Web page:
The supreme catness of him, no apology or rumination needed. No asking, “what should…” “what next…” because there is only now in this meow.

If you’ll excuse me, I’m going to go loll in a patch of sunshine.

The cat exploring a recent kitchen reno project

It is Your Life

A poet I admire, Mark Nepo, says we should only write while fully centered in the heart. His counsel: If your mind dominates, drop the pen, still the voice, turn to another activity until the heart can take the lead again.

From a recent podcast:

“I want to enter timelessness. I don’t want to plan to finish a chapter because of some deadline—then the expression is an ‘it,’ a product. I’m no longer in timelessness; I’m controlling.”

Mark Nepo

So much feels out of our control these days. Speaking for myself, I sometimes find that my itch to control whatever I can infects my creative work and daily life in unconstructive ways. I tighten up and end up with a headache or a sleepless night.

But, like Nepo, I want to approach my work (and my life!) from a place of expansion, not contraction. A simple invocation at the start of a writing session can reconnect me to that space.

When it slips away, as soon as I remember, I reconnect to the biggest possible frame—to who I am and what I’m about and why I’m doing whatever I’m doing. I want to contact the biggest why possible, which is always to be more fully aligned with my Divine nature.

So: to move into that spaciousness, to call in that alignment, is a way to enter timelessness, to reenter heart space.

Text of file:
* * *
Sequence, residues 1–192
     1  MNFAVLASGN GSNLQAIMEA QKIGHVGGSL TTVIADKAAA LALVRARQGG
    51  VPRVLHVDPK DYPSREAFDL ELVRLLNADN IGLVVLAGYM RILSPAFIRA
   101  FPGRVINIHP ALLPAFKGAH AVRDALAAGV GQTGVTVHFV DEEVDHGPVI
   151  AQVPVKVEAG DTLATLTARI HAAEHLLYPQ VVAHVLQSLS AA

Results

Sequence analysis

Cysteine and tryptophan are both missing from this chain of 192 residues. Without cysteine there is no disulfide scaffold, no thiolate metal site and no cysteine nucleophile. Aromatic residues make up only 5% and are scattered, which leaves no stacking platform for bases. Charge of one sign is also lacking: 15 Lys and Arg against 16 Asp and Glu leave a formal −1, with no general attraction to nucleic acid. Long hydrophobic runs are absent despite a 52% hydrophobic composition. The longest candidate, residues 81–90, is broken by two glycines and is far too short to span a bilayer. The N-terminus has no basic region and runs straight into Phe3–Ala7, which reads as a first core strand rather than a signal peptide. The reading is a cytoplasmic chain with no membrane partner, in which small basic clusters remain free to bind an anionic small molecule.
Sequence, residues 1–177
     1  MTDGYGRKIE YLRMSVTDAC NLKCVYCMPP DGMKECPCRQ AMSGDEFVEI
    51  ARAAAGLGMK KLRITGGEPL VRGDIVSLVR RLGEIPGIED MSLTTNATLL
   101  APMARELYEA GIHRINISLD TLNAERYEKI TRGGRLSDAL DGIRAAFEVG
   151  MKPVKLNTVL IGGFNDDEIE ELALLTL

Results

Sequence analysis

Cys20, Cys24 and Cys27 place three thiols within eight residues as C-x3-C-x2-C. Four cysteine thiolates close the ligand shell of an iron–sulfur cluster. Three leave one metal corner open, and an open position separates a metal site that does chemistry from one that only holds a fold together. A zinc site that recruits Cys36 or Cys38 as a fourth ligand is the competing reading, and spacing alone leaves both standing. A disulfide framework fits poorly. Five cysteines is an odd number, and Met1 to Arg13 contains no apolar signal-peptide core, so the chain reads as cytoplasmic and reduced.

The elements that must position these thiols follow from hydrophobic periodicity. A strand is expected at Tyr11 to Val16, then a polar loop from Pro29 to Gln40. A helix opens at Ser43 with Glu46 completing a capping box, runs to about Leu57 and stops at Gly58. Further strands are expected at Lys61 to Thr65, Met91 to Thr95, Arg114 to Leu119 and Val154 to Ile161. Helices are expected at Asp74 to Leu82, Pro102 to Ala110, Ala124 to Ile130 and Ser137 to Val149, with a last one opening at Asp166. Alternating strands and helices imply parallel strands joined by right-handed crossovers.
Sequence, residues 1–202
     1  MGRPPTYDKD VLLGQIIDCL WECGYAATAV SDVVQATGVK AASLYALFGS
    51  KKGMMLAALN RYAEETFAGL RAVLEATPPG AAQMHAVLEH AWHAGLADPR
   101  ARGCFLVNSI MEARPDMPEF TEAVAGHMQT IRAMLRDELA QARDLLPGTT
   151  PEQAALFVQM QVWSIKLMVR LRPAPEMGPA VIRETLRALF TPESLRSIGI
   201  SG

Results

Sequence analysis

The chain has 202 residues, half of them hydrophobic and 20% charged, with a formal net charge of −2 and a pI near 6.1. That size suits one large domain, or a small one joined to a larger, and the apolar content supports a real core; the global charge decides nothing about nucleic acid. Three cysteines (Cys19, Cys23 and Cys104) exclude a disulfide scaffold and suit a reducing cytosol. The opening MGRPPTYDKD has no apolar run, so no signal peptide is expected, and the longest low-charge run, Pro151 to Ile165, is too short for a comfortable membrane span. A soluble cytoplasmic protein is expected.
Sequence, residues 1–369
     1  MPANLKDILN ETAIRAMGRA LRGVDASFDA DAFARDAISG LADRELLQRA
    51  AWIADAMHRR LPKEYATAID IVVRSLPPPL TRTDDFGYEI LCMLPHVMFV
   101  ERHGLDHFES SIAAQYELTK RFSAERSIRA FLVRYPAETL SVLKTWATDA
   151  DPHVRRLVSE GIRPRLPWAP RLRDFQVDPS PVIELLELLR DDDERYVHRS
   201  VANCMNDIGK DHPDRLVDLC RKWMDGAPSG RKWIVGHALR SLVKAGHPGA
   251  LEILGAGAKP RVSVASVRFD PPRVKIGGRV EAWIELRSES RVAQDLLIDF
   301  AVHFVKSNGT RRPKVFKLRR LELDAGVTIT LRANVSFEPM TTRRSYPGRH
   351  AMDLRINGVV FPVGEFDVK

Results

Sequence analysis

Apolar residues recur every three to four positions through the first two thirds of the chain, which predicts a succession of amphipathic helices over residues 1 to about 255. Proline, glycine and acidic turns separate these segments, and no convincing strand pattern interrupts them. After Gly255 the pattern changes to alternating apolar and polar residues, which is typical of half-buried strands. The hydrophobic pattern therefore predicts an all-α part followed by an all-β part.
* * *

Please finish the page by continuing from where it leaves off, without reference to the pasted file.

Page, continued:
And this is not just about writing. It’s about how I practice yoga, how I do my workity-work, how I connect with friends, how I steward my money. I have the choice to treat everything as a thing to get done or as a big-big-big picture action.

Doesn’t everything go better and feel so much more timeless when I first remember what it’s all for?

As an inveterate list-maker who also skews mystic, I have made a study of the intersection between getting shit done and falling into spacious/timelessness. I don’t thrive without timelessness, but I operate in a time-driven world. And I do want to finish and publish my book, keep in touch with loved ones, stay on top of bills, and show up fully at my workplace.

I am starting to see that moving with ease through all these arenas is possible. It’s not about following a strict list or schedule. Nor is it about floating in the ether every moment.

Photo from the Indiana Dunes, Fall 2018

It’s more about reconnecting on the regular to this big-big-big picture. Often that comes through movement, or stillness, or breath, while consciously invoking the love that’s all around. The fact that I am love, made of love, made from love.

The more I hew to my truest “who”… the easier it is to stay in my heart.